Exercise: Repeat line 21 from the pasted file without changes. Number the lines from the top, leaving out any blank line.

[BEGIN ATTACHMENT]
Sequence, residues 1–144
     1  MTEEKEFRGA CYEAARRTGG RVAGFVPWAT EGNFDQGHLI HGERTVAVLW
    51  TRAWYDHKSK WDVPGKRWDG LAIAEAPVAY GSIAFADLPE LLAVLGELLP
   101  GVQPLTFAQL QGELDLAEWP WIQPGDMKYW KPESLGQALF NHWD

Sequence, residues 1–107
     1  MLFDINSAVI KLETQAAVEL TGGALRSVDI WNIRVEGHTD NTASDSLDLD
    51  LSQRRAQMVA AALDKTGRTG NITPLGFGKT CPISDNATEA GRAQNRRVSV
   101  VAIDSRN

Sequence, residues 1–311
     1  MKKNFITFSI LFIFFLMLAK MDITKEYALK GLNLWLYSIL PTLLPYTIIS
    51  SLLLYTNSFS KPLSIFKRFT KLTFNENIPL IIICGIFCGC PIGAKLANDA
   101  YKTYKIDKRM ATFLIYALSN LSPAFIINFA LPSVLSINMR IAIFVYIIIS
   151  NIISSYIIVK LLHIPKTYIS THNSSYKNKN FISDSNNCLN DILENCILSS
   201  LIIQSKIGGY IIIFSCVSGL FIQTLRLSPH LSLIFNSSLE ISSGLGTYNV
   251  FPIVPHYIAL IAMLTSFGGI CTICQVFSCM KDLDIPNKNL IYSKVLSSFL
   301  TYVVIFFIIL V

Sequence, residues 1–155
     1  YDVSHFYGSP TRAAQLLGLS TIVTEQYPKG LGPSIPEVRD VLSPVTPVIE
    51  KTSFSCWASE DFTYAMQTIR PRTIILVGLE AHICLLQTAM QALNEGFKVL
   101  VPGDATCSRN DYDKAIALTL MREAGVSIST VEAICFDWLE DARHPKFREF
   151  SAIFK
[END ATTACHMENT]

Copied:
   151  SAIFK